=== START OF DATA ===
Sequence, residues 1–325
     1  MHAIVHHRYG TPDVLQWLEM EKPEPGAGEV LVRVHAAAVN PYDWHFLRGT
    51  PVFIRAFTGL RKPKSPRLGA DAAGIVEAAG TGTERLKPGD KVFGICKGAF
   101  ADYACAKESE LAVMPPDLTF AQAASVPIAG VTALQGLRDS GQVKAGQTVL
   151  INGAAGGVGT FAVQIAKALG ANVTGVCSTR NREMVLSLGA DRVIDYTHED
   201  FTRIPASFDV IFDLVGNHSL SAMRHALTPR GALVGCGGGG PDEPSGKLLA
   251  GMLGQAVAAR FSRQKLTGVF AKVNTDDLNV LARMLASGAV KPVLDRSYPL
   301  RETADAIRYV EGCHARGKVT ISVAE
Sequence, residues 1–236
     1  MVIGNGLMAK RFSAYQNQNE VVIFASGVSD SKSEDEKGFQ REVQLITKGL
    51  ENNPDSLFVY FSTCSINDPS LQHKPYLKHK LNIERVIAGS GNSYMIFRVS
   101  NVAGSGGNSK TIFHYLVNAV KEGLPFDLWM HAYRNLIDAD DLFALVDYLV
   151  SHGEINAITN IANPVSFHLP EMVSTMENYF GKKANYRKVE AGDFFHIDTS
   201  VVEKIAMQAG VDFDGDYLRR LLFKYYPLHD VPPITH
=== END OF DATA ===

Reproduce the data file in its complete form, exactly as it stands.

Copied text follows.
Sequence, residues 1–325
     1  MHAIVHHRYG TPDVLQWLEM EKPEPGAGEV LVRVHAAAVN PYDWHFLRGT
    51  PVFIRAFTGL RKPKSPRLGA DAAGIVEAAG TGTERLKPGD KVFGICKGAF
   101  ADYACAKESE LAVMPPDLTF AQAASVPIAG VTALQGLRDS GQVKAGQTVL
   151  INGAAGGVGT FAVQIAKALG ANVTGVCSTR NREMVLSLGA DRVIDYTHED
   201  FTRIPASFDV IFDLVGNHSL SAMRHALTPR GALVGCGGGG PDEPSGKLLA
   251  GMLGQAVAAR FSRQKLTGVF AKVNTDDLNV LARMLASGAV KPVLDRSYPL
   301  RETADAIRYV EGCHARGKVT ISVAE
Sequence, residues 1–236
     1  MVIGNGLMAK RFSAYQNQNE VVIFASGVSD SKSEDEKGFQ REVQLITKGL
    51  ENNPDSLFVY FSTCSINDPS LQHKPYLKHK LNIERVIAGS GNSYMIFRVS
   101  NVAGSGGNSK TIFHYLVNAV KEGLPFDLWM HAYRNLIDAD DLFALVDYLV
   151  SHGEINAITN IANPVSFHLP EMVSTMENYF GKKANYRKVE AGDFFHIDTS
   201  VVEKIAMQAG VDFDGDYLRR LLFKYYPLHD VPPITH